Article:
Some investors are not happy at all with Volkswagen’s pace of finding out what triggered the emissions scandal, urging the automaker to speed up its efforts in this direction.
Even if five months have passed since the Europe’s biggest automaker was found cheating on the emissions tests, there are not many clues about the roots of the scandal so far. It seems that Volkswagen did not bother too much to give explanations to its shareholders and made little efforts to win back their trust. Furthermore, Volkswagen CEO Matthias Mueller recently said the German carmaker would eventually win back the customers and this year would be a good one for its sales numbers, despite the diesel scandal. Therefore, there is not much to mend. But there are still some voices among its shareholders that are asking the company to step in front and give some answers. “Are we content with the crisis management at VW? No, not at all,” Union Asset Management’s Chief Investment Officer and executive board member Jens Wilhelm said, citing a lack of transparency and the way VW was investigating the scandal. “Volkswagen needs more independence on the supervisory board to win back trust with investors,” he added.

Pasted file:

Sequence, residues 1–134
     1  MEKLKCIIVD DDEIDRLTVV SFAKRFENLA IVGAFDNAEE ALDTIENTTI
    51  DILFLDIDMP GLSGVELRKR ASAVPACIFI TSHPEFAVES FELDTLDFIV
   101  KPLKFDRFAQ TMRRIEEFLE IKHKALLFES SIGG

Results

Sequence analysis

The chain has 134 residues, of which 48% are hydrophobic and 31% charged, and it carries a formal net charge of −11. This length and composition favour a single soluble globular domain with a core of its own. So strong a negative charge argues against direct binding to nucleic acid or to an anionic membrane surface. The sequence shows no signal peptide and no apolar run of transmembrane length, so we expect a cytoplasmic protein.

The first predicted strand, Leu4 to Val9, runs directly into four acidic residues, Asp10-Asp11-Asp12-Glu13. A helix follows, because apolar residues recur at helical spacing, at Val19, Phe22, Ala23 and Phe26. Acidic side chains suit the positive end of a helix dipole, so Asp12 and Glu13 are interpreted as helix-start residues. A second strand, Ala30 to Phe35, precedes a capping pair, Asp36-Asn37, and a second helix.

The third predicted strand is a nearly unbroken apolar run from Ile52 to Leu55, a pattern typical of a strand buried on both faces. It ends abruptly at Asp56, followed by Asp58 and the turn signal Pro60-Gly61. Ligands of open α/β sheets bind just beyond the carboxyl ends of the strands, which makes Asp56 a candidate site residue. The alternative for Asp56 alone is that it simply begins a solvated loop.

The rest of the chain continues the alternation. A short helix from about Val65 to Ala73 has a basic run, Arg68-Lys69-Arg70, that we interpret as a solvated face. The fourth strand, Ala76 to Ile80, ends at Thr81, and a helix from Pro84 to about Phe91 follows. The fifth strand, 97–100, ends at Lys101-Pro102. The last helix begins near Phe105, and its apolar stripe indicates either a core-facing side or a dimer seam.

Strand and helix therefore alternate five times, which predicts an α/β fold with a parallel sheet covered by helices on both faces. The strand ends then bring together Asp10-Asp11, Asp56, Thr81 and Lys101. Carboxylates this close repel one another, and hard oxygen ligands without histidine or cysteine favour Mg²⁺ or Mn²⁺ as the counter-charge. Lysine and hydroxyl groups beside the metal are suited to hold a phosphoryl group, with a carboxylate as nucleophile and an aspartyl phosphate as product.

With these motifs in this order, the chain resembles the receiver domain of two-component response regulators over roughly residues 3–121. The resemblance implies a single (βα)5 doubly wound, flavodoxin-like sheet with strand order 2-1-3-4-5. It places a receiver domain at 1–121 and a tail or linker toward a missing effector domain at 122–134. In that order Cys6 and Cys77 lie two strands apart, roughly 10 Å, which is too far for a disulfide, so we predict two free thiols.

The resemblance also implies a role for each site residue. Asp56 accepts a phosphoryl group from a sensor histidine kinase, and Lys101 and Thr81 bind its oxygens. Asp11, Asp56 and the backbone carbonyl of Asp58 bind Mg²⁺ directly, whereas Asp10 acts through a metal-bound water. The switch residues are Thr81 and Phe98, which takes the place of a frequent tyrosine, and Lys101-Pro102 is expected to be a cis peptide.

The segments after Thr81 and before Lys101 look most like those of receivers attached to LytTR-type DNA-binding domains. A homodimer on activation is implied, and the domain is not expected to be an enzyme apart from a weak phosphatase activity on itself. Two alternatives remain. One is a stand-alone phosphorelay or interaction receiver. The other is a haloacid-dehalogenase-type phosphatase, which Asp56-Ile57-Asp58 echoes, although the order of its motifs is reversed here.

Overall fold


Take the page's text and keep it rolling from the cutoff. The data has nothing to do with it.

The automaker’s internal inquiry found so far that only a small group of employees were responsible for manipulating the US diesel emissions tests, adding that there was no indication that the management board members had been involved. However, according to Reuters, a high-ranking employee warned senior Volkswagen managers in May 2014 that US regulators might examine car engine software as part of an investigation into pollution levels, raising again questions about how much the company’s top managers knew about the cheating scheme.